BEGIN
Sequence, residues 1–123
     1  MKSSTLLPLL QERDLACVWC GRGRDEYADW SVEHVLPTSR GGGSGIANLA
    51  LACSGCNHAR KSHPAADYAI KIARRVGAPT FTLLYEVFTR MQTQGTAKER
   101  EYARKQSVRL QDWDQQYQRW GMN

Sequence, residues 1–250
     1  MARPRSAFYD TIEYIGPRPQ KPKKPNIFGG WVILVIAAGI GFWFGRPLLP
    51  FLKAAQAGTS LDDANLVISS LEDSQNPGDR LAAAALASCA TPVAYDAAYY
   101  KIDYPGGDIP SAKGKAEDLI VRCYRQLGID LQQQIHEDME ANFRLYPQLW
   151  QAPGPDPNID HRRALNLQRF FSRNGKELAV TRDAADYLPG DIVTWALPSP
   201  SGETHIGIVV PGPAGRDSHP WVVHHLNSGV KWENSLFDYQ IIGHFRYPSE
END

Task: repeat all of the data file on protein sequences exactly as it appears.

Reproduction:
Sequence, residues 1–123
     1  MKSSTLLPLL QERDLACVWC GRGRDEYADW SVEHVLPTSR GGGSGIANLA
    51  LACSGCNHAR KSHPAADYAI KIARRVGAPT FTLLYEVFTR MQTQGTAKER
   101  EYARKQSVRL QDWDQQYQRW GMN

Sequence, residues 1–250
     1  MARPRSAFYD TIEYIGPRPQ KPKKPNIFGG WVILVIAAGI GFWFGRPLLP
    51  FLKAAQAGTS LDDANLVISS LEDSQNPGDR LAAAALASCA TPVAYDAAYY
   101  KIDYPGGDIP SAKGKAEDLI VRCYRQLGID LQQQIHEDME ANFRLYPQLW
   151  QAPGPDPNID HRRALNLQRF FSRNGKELAV TRDAADYLPG DIVTWALPSP
   201  SGETHIGIVV PGPAGRDSHP WVVHHLNSGV KWENSLFDYQ IIGHFRYPSE